Posted October 14, 2009
The US dollar continues to weaken against the euro and most other global currencies. The Canada dollar is close to reaching parity with the US dollar. Mexico’s peso continues to strengthen as it appears more likely 2010 budget will be balanced.
The US dollar weakened against the euro again causing concern the dollar is going to continue to follow the predicted path through the end of the year. Statements by Donald Kohn who is a Vice Chairman with the US Federal Reserve publicly stated that interest rates would be kept low for the foreseeable future.
The US dollar weakened to $1.4900 against the euro. This is the weakest the dollar has been against the euro since as far back as August 2008.
The US dollar has weakened so much against the Canadian dollar it is close to parity at $1.0281. Predictions differ as to when it will reach parity but it will be before year end unless something unusual happens to interfere with the market trend. The fear is the rapidly changing exchange rates are going to change the global economic system and the pace of recovery. The Dollar Index fell to 75.541 which is also a low not seen since August a year ago.
Rising commodity prices are directly impacting the Canadian dollar. Oil has risen to $75.15 for future December delivery. It was under $70 a barrel a short time ago. Oil is one of Canada’s major exports.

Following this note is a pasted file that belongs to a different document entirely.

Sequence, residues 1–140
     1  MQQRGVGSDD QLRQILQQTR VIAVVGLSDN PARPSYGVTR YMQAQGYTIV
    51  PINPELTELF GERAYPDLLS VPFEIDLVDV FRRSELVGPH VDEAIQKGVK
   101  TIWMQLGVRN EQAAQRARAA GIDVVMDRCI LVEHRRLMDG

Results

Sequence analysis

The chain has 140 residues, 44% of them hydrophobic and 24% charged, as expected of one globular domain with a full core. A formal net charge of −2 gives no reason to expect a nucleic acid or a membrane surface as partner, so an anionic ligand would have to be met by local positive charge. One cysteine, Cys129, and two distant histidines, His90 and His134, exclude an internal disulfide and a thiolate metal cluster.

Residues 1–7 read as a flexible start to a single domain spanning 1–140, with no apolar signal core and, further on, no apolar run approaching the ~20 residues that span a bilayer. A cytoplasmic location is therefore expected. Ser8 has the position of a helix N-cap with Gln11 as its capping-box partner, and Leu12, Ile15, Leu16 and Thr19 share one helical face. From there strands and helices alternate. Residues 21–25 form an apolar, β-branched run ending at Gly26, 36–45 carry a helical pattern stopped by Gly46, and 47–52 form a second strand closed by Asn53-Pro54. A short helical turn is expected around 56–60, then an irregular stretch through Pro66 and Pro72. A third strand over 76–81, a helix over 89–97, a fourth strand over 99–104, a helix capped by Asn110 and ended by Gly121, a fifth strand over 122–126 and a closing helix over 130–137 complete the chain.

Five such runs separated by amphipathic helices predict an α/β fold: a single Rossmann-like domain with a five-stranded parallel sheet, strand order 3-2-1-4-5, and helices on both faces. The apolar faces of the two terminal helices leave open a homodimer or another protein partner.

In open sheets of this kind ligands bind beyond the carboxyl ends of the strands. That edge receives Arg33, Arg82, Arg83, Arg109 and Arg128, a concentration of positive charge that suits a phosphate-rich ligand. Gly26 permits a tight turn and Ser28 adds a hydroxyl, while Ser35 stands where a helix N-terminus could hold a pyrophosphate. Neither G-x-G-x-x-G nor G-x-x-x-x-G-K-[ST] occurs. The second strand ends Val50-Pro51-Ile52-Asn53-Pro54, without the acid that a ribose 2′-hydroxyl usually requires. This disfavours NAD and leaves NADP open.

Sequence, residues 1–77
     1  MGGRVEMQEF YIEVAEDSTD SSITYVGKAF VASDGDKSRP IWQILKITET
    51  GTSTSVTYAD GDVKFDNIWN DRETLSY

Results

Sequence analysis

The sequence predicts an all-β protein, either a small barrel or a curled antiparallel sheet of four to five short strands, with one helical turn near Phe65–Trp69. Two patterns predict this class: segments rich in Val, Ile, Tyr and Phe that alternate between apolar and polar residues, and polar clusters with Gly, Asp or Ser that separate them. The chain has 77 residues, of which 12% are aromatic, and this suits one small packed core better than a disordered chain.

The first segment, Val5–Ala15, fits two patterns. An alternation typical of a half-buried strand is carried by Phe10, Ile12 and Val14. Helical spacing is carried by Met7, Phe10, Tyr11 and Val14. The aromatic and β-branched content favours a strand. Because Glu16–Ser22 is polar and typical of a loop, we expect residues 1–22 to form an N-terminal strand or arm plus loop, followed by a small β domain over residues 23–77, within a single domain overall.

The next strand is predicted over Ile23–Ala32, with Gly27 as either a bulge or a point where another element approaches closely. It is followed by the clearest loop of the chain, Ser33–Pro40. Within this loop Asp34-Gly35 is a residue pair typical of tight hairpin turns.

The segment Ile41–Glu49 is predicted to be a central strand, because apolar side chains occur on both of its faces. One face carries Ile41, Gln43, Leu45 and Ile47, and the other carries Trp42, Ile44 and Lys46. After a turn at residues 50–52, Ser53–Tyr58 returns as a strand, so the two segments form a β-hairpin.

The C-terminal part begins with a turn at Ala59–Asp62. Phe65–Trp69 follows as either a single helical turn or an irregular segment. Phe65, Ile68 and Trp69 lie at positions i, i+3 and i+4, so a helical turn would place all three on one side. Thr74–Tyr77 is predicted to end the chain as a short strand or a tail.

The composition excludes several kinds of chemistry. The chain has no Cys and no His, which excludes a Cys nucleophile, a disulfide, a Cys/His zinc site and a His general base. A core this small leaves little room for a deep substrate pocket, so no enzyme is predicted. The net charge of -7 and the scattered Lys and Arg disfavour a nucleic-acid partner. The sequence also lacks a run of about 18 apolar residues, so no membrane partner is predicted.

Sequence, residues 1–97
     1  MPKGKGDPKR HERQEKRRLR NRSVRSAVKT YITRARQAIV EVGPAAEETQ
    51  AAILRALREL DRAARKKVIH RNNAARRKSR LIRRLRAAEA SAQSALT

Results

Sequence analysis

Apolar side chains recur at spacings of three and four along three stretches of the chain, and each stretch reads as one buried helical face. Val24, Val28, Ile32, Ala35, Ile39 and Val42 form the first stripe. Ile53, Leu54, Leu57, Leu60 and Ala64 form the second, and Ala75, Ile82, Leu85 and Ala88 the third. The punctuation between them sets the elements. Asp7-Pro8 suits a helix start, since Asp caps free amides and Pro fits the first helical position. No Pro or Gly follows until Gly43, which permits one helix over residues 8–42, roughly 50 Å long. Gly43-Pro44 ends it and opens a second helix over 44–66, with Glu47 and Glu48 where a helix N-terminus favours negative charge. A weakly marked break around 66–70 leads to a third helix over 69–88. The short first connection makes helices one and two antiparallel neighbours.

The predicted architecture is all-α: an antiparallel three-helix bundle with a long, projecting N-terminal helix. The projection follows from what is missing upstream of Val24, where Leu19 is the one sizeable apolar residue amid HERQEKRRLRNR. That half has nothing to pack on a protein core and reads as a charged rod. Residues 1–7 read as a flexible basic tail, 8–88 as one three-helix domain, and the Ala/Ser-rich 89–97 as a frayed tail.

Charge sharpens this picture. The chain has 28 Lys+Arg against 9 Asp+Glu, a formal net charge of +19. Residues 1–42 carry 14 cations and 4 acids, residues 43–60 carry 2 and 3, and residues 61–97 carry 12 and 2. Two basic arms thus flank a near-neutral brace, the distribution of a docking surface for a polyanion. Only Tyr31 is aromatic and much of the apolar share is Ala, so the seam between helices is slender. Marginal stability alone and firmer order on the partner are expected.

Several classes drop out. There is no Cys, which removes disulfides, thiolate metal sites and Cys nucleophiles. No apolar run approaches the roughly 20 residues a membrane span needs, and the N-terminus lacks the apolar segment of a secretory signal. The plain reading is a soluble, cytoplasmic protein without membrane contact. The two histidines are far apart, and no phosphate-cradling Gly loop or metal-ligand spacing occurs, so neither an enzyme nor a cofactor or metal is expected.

The Canadian dollar has been steadily gaining over the last 5 days as a result of rising commodity prices. The loonie has risen by 2.5 percent against the US dollar over the last week.
The Japanese yen has risen to 89.09 against the US dollar. The Bank of Japan decided to leave the benchmark interest rate unchanged. That means interest rates are at historic lows at .1 percent and that will remain true well into 2010.
The Australian dollar rose to 91.46 US cents as the country’s recovery quickens its pace. Australia’s largest trading partner is China and the import/export numbers are showing signs of increasing Chinese domestic demand. This is good news for Australia and China. China has been encouraged by the International Monetary Fund, the G-7 and the G-20 to increase its domestic demand.
The Mexican peso strengthened to 13.1187 pesos per US dollar. As has been reported, the Mexican government is trying to plug a huge 2010 budget deficit and there has been disagreement as to how this can be accomplished. Mexican President Felipe Calderon has been relentless in his efforts to raise taxes and cut spending in order to balance the budget. The budget deficit continues to widen as oil prices fluctuate.
The Brazil real has strengthened to 1.7110 real against the US dollar. Investors have been purchasing the country’s higher yielding assets and Brazil is seen as a leader among emerging markets. As currency trader Jose Carlos Amado told Bloomberg, “there is a torrent of dollars in the market due to share and debt sales, such as the one by Banco do Brasil yesterday, which showed high demand ( for Brazilian assets abroad)”.
The Brazilian economy is expected to continue to improve at an even faster pace than economists have predicted. This is true for most of Latin America as a matter of fact. Up to 3 percent growth is expected next year while more developed nations are expected only 1 percent or less expansion.